If we consider the place of optimism in the raising of children, we quickly see that it has two distinct, though not unrelated, dimensions: optimism towards the child and optimism within the child. These dimensions can be thought of as exogenous (coming from without) and endogenous (growing within). In the case of the former, agencies external to the child, of which parents are the most obvious example, can often be observed to hold positive expectations about many aspects of a child’s future. Typically, these will be in the areas of general development, education, employment, values, sociability and so on. Such expectations can be explicitly articulated, they can be concealed, or they can remain unconscious and unadmitted; and, of course, they reflect wider societal influences, such as nationality, class, economic status, political ideology and religion. All of these factors come to bear on what I call ‘the parenting complex’, that network of influences with which parenthood is necessarily embroiled. I discuss this further below. The optimistic expectations that this complex produces are, needless to say, as diverse as the values they reflect; and they frequently come into conflict with one another. Children are, after all, one of the key battlegrounds of the future; they are, as the cultural critic, Neil Postman, puts it, ‘the living messages we send to a time we will not see’.1
Oliver Bennett

5. Models of Salvation: Religion, Eschatology and Hope

The Oxford theologian, Alistair McGrath, has observed that definitions of religion show a marked tendency to depend on the particular purposes and prejudices of individual scholars.1 However, whilst no universally accepted definition has emerged, McGrath suggests that that there is at least now some measure of agreement that religion involves belief and behaviour linked with a supernatural realm of divine or spiritual beings. This is consistent with the useful definition of religion offered by the sociologist, Steve Bruce, which I am going to follow here. Bruce defines religion as ‘beliefs, actions and institutions predicated on the existence of entities with powers of agency (that is, gods) or impersonal powers possessed of moral purposes (the Hindu notion of Karma, for example), which can set the conditions of, or intervene in, human affairs’.2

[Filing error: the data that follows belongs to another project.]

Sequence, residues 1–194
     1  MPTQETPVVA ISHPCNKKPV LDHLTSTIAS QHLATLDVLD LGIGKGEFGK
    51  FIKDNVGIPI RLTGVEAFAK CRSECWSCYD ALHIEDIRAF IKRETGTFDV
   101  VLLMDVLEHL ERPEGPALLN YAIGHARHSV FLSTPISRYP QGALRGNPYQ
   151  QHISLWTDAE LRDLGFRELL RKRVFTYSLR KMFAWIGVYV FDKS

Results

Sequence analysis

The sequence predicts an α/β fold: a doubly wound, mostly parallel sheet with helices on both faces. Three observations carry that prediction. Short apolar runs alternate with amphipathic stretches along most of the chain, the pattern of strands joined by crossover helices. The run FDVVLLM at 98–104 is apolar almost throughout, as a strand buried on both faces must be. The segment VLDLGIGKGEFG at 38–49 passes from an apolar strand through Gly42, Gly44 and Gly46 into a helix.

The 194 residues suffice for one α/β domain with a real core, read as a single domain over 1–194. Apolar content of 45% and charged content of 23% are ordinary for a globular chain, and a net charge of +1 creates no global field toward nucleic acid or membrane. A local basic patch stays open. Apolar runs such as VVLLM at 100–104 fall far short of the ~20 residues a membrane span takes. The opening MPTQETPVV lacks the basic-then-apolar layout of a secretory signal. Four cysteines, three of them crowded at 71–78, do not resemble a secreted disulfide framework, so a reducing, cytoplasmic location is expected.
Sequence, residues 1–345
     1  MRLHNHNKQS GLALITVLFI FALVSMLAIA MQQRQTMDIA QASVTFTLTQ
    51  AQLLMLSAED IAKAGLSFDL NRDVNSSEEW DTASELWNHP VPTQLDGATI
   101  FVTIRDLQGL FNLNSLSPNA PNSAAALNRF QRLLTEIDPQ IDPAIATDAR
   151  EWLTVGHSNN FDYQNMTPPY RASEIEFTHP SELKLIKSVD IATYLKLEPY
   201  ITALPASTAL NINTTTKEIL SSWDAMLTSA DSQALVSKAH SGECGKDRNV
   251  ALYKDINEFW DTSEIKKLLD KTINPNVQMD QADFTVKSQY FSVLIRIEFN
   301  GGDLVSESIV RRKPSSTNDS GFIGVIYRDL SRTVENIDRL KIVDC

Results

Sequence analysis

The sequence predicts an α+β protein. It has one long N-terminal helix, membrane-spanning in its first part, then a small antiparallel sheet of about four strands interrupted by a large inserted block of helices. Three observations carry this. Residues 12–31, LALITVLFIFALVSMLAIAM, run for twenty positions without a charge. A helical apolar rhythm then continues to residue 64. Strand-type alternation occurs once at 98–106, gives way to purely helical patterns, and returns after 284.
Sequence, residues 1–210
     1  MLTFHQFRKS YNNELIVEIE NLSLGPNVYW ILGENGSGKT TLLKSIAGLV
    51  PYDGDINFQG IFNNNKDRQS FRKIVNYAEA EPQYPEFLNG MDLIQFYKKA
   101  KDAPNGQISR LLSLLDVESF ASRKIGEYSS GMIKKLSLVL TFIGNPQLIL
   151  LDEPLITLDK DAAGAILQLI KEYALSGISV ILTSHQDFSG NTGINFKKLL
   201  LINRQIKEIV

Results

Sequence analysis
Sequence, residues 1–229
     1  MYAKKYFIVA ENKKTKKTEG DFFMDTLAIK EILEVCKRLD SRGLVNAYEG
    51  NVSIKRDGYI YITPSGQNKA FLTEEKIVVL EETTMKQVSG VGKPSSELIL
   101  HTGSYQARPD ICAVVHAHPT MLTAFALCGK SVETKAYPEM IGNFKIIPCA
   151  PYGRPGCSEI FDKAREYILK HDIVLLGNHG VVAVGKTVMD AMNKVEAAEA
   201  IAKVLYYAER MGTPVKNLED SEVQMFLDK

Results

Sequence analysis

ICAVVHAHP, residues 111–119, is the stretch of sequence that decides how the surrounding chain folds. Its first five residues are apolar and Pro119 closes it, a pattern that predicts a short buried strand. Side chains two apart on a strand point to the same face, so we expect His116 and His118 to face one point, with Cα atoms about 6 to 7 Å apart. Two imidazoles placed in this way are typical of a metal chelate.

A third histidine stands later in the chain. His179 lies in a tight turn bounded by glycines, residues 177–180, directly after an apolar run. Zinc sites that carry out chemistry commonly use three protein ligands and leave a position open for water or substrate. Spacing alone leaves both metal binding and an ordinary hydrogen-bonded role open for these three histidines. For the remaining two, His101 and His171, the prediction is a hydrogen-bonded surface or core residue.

Oliver Bennett

6. Optimism and the Self: From Mind-Cure to Psychotherapy

In his history of the first hundred years of psychotherapy, Robin. L. Cautin describes psychotherapy as ‘the treatment of emotional or physical ills by psychological means, implying a belief in the influence of the mind on the mind and of the mind on the body’.1 This is the broad definition I shall follow here, encompassing as it does the full range of psychological therapies that are promoted today. It has the advantage of including everything from full-blown psychoanalysis, which is the most open-ended and time-intensive form of therapy, to cognitive-behavioural therapy (CBT), aimed at changing specific attitudes or behaviours within a relatively short space of time. It also has the advantage of allowing us to side-step the often fine distinctions between different forms of therapy (for example, between psychoanalysis and psychodynamic psychotherapy) and to focus instead on certain elements that are common to all or most of them.2 In this way, we can avoid being too distracted by the specific theoretical or clinical orientations of these many different practitioners, whether they describe themselves as analysts, therapists or counsellors, and to focus instead on therapy as an institution and on the role it plays in the promotion of optimism.
Oliver Bennett

7. Culture(s) of Optimism

If there is one thing that emerges clearly from the preceding chapters, it is that the institutional promotion of hope and optimism is no isolated phenomenon. We have seen it in operation in the functioning of democratic politics; within the world of work; with children and families; in the practices of religion; and in the burgeoning domain of psychotherapy. Whilst this by no means exhausts the sites on which the promotion of optimism can be observed — think, for example, of medical science, technological development or the world of sport — it still encompasses a large part of both the public and private spheres. Indeed, it begins to look like a significant, though rarely observed, cultural phenomenon (culture being understood here in its broadest sense as a cluster or set of attitudes, values and behaviours). We might even say that not only do our institutions produce myriad cultures of optimism but that collectively they also feed in to an overarching culture of optimism.
Oliver Bennett